Any orders which are at or more competitive than the price will be eligible to be matched. The execution logic iterates through each eligible order, ranked by price (most competitive to least) and sequence (the order in which it was posted).
The process continues to cycle through orders until either (a) the new orders desired size has been filled; or (b) there are no remaining eligible orders against which the new order can be filled.
If any residual amount of the order is unfilled, an order will be posted to the orderbook with the remaining size to be filled.

Alternative Order Types

A number of 'Order Types' are supported on Aver, which may distort the behavior of the general case (a 'Limit Order') which has been described above.
Other types of order include:
  • Immediate-or-Cancel (IOC) - This will match as much of the order as is currently available on the orderbook, but will not post any residual amount;
  • Fill-or-Kill (FOK) - This order will abort completely (i.e. fill nothing) if the order cannot be completed in full immediately based on current available orders;
  • Post-Only - This order will abort completely if it would cross the book / be matched with any existing orders.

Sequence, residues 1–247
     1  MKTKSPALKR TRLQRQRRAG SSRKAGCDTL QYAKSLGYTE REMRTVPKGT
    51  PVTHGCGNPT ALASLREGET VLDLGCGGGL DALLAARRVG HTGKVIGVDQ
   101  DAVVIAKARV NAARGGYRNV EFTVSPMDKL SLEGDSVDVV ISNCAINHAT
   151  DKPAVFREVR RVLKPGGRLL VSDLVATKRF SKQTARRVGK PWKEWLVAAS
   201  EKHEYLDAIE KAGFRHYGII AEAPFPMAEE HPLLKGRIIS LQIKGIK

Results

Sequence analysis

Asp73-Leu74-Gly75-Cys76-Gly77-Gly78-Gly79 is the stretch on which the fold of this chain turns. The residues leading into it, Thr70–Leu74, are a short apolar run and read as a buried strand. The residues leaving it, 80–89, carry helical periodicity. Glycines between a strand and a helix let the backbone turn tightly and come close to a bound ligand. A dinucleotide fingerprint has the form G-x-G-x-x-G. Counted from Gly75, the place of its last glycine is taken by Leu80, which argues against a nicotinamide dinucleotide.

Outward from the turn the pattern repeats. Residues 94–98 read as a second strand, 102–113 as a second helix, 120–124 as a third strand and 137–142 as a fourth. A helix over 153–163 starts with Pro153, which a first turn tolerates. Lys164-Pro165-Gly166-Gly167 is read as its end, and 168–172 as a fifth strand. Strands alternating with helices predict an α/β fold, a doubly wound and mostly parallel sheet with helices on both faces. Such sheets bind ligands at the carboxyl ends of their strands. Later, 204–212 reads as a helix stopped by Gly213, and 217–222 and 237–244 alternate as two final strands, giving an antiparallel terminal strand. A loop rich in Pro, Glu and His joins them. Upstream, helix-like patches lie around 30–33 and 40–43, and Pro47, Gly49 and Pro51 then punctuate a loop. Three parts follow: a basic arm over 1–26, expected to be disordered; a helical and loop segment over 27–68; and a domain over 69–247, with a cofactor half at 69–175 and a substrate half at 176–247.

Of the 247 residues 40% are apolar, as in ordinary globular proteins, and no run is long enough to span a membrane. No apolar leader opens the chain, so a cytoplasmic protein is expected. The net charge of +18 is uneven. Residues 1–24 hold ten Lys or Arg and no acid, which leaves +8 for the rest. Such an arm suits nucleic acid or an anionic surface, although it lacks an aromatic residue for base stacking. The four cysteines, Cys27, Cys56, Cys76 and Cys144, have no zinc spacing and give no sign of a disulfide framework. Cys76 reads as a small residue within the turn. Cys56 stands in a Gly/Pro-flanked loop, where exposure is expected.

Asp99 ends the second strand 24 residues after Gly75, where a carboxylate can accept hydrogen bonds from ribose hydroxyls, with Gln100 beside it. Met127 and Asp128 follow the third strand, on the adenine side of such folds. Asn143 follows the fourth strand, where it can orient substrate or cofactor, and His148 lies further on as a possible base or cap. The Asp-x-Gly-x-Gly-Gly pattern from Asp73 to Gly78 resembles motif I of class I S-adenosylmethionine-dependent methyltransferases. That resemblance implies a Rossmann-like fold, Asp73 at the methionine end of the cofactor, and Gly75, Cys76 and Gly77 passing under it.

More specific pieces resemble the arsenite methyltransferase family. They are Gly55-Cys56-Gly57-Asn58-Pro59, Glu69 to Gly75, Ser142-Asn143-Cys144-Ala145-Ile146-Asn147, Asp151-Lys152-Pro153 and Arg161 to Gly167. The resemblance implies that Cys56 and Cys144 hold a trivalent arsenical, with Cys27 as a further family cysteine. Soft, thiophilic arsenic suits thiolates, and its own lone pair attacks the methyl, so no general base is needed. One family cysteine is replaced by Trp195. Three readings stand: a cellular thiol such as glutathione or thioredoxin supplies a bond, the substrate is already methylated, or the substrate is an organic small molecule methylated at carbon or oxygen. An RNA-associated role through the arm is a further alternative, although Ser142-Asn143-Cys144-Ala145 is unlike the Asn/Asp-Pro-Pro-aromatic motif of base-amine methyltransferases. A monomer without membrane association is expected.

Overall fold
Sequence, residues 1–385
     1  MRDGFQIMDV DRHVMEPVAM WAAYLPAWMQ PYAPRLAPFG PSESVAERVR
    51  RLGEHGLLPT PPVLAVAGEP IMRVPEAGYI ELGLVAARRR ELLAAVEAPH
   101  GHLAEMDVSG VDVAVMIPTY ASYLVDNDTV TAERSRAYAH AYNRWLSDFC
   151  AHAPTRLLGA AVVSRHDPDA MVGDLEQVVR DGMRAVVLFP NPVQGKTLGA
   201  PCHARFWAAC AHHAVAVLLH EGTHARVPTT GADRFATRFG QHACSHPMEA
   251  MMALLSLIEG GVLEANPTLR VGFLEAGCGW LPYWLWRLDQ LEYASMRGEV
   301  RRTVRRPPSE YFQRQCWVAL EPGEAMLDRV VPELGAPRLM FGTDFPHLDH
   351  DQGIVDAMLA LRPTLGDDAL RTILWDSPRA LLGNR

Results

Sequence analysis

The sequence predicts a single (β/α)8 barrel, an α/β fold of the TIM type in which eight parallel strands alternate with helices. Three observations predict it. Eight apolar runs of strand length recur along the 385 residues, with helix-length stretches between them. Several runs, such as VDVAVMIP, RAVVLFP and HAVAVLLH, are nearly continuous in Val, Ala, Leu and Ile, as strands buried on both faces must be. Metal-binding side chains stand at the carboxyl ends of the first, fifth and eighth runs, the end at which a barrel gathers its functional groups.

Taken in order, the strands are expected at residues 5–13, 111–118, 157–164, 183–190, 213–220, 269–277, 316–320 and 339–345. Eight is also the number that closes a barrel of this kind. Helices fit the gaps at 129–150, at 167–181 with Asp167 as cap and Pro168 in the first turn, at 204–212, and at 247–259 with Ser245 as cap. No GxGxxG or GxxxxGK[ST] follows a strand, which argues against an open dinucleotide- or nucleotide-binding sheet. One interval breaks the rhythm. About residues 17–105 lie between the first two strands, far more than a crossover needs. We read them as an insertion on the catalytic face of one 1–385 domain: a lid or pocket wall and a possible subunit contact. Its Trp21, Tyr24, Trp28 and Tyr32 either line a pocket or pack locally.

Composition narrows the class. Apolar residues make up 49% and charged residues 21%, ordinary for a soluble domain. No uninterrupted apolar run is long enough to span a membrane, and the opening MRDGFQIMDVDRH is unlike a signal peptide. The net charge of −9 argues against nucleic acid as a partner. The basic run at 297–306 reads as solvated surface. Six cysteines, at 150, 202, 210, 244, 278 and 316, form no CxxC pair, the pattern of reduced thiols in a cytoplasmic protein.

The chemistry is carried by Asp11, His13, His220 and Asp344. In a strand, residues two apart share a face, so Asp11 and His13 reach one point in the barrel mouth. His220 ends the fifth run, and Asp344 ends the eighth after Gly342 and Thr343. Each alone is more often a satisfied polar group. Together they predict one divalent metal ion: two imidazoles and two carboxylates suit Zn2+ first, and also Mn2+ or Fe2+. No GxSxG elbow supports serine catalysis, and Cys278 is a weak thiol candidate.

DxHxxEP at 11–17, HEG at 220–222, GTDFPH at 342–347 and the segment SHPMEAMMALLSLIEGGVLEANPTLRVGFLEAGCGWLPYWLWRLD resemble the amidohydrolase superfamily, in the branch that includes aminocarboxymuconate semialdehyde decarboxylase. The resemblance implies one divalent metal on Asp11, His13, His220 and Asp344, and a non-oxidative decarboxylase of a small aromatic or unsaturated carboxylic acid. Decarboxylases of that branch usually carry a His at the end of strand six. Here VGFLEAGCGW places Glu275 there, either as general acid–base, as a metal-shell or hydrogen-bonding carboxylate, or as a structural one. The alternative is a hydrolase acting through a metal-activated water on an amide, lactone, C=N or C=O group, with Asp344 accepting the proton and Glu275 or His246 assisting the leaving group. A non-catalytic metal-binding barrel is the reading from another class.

Self-Trade Behavior

A self-trade occurs when a wallet places an order which would result in a match (or trade) against itself.
Orders accept a parameter - self_trade_behavior - which may distort the behavior of the general case (a 'Limit Order') which has been described above.
Self-Trade behavior parameter options are:
  • 'Decrement Take' - This approach will reduce the size of the current order and leave the existing (opposing) order owned by this wallet on the opposing side of the book.
  • 'Cancel Provide' - This approach will reduce the existing order (on the opposing side of the book).
  • 'Abort Transaction' - This will abort the entire transaction if a new order cross an existing order from the same wallet.

Updating Balances and Exposures

For the 'Taker' portion of an order

If some or all of the new order is matched, accounts are immediately updated for the to allow for the portion of the order that was filled in the matching process.
The tokens (i.e. USDC) required to fund the trade are transferred into the market's vault, and the User-Market account is updated to reflect the transfer of stake for exposures to a given outcome (in the case of a buy/back), or the receipt of stake in return for the negative exposure to a given outcome (in the case of a sell/lay).

For the 'Posted' portion of the order

If some or all of the order is posted to the orderbook (i.e. was unmatched), then the User-Market account is updated to reflect: